US targets tax evaders in Asia with HK investigators

The stationing of US tax investigators in its Hong Kong consulate signals that America's hunt for taxation evaders has moved to Asia, following years of probes and fines in Europe.
US targets tax evaders in Asia with HK investigators

American tax investigators stationed in the US consulate in Hong Kong have offered a clear sign that the hunt for taxation evaders is spreading to Asia.

The consulate confirmed that two investigators are currently stationed there. The move comes following a sustained US crackdown on Americans evading tax by using havens in Europe.

US authorities may be targeting financial institutions in Asia rather than clients, however, in a bid to obtain data on their clients.

In recent years, large private banks in Switzerland have been named, shamed and fined for assisting tax evasion, including the likes of UBS and Credit Suisse. As a result, conditions are seen as ripe for the US Internal Revenue Service to begin investigations in Asia, not least because the money trail through its European investigations are pointing to potential tips to follow up in the region.

Other conditions have also made Asia fertile ground, with the proportion of mainland Chinese receiving EB-5 investor visas numbering over 9,000 people in 2014, or 85% of the total investment visas issued by the US. The visas provide a residency in return for investments in the US. Those applying for such visas would also be caught under US tax rules.

Meanwhile, the private wealth management industry’s Asia headcount rose by 7.5% year-on-year in 2014. While the increase may in part reflect increasing numbers of compliance staff, some are also on the frontline, reflecting increasing wealth generation in the region, as well as more potential targets for the US tax authorities to target.

But the IRS is more likely to be focused on financial institutions which hold swathes of data on individuals, noted William McGovern, partner at litigator Kobre & Kim.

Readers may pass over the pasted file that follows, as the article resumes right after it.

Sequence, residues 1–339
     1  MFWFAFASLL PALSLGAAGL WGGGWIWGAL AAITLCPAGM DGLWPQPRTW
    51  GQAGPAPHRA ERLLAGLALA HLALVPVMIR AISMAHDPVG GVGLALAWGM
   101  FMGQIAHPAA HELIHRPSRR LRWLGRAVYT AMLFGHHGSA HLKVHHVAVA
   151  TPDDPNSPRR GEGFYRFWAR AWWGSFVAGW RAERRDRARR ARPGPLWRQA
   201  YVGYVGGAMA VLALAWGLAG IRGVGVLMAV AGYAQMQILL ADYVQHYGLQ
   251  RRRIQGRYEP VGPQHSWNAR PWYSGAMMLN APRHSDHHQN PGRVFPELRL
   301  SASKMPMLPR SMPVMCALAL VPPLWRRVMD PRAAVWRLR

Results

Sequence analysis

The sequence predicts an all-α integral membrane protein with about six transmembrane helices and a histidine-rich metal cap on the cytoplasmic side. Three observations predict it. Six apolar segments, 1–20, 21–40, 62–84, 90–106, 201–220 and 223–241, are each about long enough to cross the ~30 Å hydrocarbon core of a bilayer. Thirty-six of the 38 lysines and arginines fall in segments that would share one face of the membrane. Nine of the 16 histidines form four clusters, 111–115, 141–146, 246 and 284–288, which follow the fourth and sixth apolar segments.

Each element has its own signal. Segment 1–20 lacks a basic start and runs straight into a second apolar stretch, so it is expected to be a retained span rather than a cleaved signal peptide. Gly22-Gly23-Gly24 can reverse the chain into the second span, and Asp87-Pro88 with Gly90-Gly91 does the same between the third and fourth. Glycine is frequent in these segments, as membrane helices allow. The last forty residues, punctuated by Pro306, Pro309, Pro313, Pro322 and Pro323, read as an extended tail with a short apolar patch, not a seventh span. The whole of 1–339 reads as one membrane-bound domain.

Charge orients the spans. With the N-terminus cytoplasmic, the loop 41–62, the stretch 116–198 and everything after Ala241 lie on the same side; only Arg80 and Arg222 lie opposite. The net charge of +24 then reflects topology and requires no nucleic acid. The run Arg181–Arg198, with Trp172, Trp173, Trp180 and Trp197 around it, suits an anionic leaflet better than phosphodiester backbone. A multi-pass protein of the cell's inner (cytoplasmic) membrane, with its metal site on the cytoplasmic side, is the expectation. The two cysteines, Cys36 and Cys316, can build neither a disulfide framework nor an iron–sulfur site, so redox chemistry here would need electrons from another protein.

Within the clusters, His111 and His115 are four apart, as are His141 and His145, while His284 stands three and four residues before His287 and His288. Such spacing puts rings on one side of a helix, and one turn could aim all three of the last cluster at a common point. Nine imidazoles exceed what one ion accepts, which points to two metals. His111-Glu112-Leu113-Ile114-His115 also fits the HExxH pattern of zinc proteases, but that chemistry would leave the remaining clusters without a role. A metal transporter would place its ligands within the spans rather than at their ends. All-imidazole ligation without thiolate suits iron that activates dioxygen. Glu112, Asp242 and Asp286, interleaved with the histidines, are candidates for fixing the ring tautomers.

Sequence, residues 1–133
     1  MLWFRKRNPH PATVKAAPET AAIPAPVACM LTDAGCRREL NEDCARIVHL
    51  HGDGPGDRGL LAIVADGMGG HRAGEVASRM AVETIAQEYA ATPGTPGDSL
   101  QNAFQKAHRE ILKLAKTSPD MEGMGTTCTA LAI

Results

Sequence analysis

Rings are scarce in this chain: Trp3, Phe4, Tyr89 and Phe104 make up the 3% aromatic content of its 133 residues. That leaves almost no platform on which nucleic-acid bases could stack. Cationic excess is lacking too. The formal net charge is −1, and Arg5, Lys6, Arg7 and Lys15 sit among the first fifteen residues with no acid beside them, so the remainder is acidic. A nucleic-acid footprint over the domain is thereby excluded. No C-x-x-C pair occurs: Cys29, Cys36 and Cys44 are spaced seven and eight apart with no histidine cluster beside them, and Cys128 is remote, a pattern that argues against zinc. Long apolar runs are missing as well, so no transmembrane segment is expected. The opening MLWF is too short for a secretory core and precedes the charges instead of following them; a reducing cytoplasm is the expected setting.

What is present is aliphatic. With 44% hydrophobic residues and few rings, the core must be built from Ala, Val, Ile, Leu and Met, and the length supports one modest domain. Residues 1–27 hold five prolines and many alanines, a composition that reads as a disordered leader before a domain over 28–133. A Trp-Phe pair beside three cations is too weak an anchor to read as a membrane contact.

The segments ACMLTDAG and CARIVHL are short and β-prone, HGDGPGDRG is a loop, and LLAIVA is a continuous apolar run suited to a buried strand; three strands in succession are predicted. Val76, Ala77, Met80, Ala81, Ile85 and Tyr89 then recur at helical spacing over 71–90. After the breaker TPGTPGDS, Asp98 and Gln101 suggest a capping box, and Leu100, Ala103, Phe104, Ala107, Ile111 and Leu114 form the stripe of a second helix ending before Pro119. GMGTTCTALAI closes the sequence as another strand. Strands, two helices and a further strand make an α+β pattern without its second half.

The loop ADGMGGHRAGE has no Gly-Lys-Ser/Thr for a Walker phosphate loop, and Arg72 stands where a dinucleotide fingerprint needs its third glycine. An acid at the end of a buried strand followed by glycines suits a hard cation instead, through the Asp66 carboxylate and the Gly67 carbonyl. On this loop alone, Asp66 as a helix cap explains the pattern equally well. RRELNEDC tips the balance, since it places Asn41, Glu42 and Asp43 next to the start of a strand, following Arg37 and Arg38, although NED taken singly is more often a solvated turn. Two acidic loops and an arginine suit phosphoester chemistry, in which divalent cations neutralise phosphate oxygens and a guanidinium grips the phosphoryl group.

“Individual US taxpayers can be an initial target of investigators but more often they are just a link in a chain of evidence that leads to the private wealth teams who advise them or the banks that hold their accounts,” McGovern said. “When an individual taxpayer faces the prospect of a criminal conviction his only recourse may be to trade information about others for more lenient treatment.”

Potential targets also include bankers, wealth advisors, accounts and lawyers. The IRS may demand to know how offshore accounts hiding assets were set up.

One of the latest tools for the taxman is Fatca (Foreign Account Tax Compliance Act), the US extraterritorial tax law that will allow American tax authorities to examine records of US taxpayers and assets kept in non-US accounts. The law reached a new milestone two weeks ago when Hong Kong financial institutions had to make their first Fatca reporting.

The IRS also uses tips gleaned from whistleblowers, bank amnesty programmes and offshore voluntary disclosure programmes.

Another US lawyer, who declined to be named due to the sensitivity of the matter, noted that prosecutors will be particularly on the hunt for financial institutions that could be suspected of hiding significant amounts of US taxpayer assets.

“The prosecutors are no different to anybody else. They … want low-hanging fruit and they are motivated by career-making cases,” said the lawyer. “Those things came together in Switzerland with low-hanging evidence for them.

“A lot of energy was then organised around that and influential voices in the Department of Justice and very skilled prosecutors signed on and they drove it to the tune of $2.8 billion to Credit Suisse and hundreds of millions against UBS and others,” said the source.

While such a case has yet to show up in Asia, the source suggested that leads could start flowing in soon when information gathered by Fatca reporting starts getting prosecutors’ attention.

When asked by AsianInvestor whether the US consulate general has two IRS staff working in Hong Kong, spokesman Scott Robinson responded: “Like a number of US embassies and consulates around the world, the US Consulate General to Hong Kong and Macau includes attachés from the US Internal Revenue Service Criminal Investigation Division.

“These attachés are based in Hong Kong but are responsible for supporting criminal investigations into US tax evasion and money laundering not only in Hong Kong and Macau but also in many other countries throughout the Asia-Pacific region.”

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